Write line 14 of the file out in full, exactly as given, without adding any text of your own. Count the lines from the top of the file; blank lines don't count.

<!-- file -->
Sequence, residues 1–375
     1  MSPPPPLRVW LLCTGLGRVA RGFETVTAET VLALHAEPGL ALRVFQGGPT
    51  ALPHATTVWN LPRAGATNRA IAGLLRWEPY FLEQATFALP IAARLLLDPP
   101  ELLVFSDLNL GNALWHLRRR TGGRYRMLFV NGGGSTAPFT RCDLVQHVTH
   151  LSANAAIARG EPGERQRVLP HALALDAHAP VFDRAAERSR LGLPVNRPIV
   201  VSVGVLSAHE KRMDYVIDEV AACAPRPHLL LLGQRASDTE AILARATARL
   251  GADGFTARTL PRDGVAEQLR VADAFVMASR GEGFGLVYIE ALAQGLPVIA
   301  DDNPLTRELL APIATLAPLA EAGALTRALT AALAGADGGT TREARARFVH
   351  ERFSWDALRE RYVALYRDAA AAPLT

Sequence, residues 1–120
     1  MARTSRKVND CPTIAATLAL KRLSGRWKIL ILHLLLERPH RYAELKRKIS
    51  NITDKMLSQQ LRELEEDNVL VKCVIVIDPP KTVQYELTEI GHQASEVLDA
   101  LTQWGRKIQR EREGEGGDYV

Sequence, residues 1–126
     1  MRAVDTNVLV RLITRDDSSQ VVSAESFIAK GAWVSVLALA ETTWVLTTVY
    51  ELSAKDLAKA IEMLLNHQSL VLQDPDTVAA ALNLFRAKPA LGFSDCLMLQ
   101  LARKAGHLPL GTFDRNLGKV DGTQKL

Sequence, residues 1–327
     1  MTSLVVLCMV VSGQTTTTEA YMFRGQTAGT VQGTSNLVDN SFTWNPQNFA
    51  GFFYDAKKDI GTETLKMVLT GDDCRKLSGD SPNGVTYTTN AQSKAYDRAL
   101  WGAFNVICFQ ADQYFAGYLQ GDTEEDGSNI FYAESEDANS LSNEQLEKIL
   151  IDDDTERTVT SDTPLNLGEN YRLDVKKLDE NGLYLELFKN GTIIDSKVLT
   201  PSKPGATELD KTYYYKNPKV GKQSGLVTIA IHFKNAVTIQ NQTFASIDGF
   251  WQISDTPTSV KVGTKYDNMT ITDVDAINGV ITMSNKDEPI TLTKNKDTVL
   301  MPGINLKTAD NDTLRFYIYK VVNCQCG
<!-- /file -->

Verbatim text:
Sequence, residues 1–126